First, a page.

Per­haps you could fol­low it up with an ex­am­ple with more com­plex me­chan­ics (and or more com­plex goal for A) where the bad strat­egy for B is not so ob­vi­ous. You then in­vite the reader to con­tem­plate the difficulty of the al­ign­ment prob­lem as the com­plex­ity ap­proaches that of the real world.

• Maybe the eas­iest way of gen­er­al­is­ing this is pro­gram­ming B to put 1 block in the hole, but, be­cause B was trained in a noisy en­vi­ron­ment, it gives only a 99.9% chance of the block be­ing in the hole if it ob­serves that. Then six blocks in the hole is higher ex­pected util­ity, and we get the same be­havi­our.

• That still in­volves train­ing it with no nega­tive feed­back er­ror term for ex­cess blocks (which would over­whelm a mere 0.1% un­cer­tainty).

• This is sup­posed to be a toy model of ex­ces­sive sim­plic­ity. Do you have sug­ges­tions for im­prov­ing it (for pur­poses of pre­sent­ing to oth­ers)?

• Maybe ex­plain how it works when be­ing con­figured, and then stops work­ing when B gets a bet­ter model of the situ­a­tion/​runs more trial-and-er­ror tri­als?

• Ok.

• I as­sume the point of the toy model is to ex­plore cor­rigi­bil­ity or other mechanisms that are sup­posed to kick in af­ter A and B end up not perfectly value-al­igned, or maybe just to show an ex­am­ple of why a non-value-al­ign­ing solu­tion for A con­trol­ling B might not work, or maybe speci­fi­cally to ex­hibit a case of a not-perfectly-value-al­igned agent ma­nipu­lat­ing its con­trol­ler.

• It would be neat to ac­tu­ally make an im­ple­men­ta­tion of this to show scep­tics. It seems to be within the reach of a MSc pro­ject or so. The hard part is rep­re­sent­ing 2-5.

• Since this is a Grid­world model, if you used Re­in­force.js, you could demon­strate it in-browser, both with tab­u­lar Q-learn­ing but also with some other al­gorithms like Deep Q-learn­ing. It looks like if you already know JS, it shouldn’t be hard at all to im­ple­ment this prob­lem...

(In­ci­den­tally, I think the eas­iest way to ‘fix’ the surveillance cam­era is to add a sec­ond con­di­tional to the ter­mi­na­tion con­di­tion: sim­ply ter­mi­nate on line of sight be­ing ob­structed or a block be­ing pushed into the hole.)

• Why, An­ders, thank you for vol­un­teer­ing! ;-)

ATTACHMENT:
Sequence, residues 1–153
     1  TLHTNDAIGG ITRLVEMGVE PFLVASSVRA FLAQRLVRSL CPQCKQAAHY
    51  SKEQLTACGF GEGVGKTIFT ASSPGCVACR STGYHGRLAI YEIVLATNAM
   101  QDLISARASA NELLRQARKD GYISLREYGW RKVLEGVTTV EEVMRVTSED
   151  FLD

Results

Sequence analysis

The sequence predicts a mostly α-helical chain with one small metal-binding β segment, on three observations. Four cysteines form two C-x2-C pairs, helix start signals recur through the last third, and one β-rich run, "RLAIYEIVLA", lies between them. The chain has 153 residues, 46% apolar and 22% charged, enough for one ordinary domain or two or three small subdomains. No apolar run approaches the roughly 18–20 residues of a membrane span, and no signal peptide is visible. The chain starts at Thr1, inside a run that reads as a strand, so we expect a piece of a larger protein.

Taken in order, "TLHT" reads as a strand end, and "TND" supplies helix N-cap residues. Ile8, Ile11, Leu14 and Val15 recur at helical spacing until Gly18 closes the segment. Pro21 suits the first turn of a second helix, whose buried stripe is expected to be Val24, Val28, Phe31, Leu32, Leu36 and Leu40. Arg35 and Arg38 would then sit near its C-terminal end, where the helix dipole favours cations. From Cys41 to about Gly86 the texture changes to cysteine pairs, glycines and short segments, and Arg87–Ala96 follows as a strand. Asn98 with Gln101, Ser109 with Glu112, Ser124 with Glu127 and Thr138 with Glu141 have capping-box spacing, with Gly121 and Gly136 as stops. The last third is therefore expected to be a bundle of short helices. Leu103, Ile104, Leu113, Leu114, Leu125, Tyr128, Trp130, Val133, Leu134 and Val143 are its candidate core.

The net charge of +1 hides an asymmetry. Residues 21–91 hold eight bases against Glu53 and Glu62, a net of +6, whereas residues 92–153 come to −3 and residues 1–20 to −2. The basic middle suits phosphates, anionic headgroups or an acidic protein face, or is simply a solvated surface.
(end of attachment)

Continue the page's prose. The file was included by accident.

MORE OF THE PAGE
• I would sug­gest mod­el­ling it as “B out­puts ‘down’ → B goes down iff B ac­tive”, and similarly for other di­rec­tions (up, left, and right), “A out­put ‘sleep’ → B in­ac­tive”, and “A sees block in lower right: out­put ‘sleep’” or some­thing like that.

• And if it misses any other el­e­ment 2-5, then it will be­have as de­scribed above.

Given enough com­put­ing power, it might try to figure out where its en­vi­ron­ment came from (by Solomonoff in­duc­tion) and de­duce the cam­era’s be­hav­ior from that.

• A’s util­ity func­tion also needs to be speci­fied. How many utils is the first box worth? What’s the penalty for ad­di­tional boxes?

• Why is that needed? A’s al­gorithm is fully known. Per­haps its be­hav­ior is iden­ti­cal to that in­duced by some util­ity func­tion, but that needn’t be how all agents are im­ple­mented.

• I like this be­cause it’s some­thing to point to when ar­gu­ing with some­body with an ob­vi­ous bias to­ward an­thro­po­mor­phiz­ing the agents.

You show them a model like this, then you say, “Oh, the agent can re­duce its move­ment penalty if it first con­sumes this other or­ange glow­ing box. The or­ange glow­ing box in this case is ‘hu­man­ity’ but the agent doesn’t care.”

edit: Don’t nor­mally care about down­votes, but my model of LW does not pre­dict 4 down­votes for this post, am I miss­ing some­thing?

• I was also sur­prised to see your com­ment down­voted.

That said, I don’t think I see the value of the thing you pro­posed say­ing, since the fram­ing of re­duc­ing the move­ment penalty by con­sum­ing an or­ange box which rep­re­sents hu­man­ity doesn’t seem clar­ify­ing.

Why does con­sum­ing the box re­duce the move­ment penalty? Is it be­cause, out­side of the anal­ogy, in re­al­ity hu­man­ity could slow down or get in the way of the AI? Then why not just say that?

I wouldn’t have given you a down­vote for it, but maybe oth­ers also thought your anal­ogy seemed forced and are just harsher crit­ics than I.

• If B does not have a model (for in­stance, if it’s a Q-learn­ing agent), then it can still learn this be­havi­our, with­out know­ing any­thing about A, sim­ply through trial and er­ror.

Sure, but some­body would pre­sum­ably no­tice that B is learn­ing to do some­thing it is not in­tended to do be­fore it man­ages to push all the six blocks.

You might feel that B can be­fore this de­cep­tion be­cause it has some mea­sure of au­ton­omy, at least in its stunted world. We can con­struct mod­els with even less au­ton­omy. Sup­pose that there is an­other agent C, who has the same goal as B. B now is a very sim­ple al­gorithm, that just pushes a des­ig­nated block to­wards the hole. C des­ig­nates the block for it to push.

I don’t think you can mean­ingful con­sider B and C sep­a­rate agents in this case. B is merely a low-level sub­rou­tine while C is the high-level con­trol pro­gram.

• I don’t think you can mean­ingful con­sider B and C sep­a­rate agents in this case. B is merely a low-level sub­rou­tine while C is the high-level con­trol pro­gram.

Which is one of the rea­sons that con­cepts like “au­ton­omy” are so vague.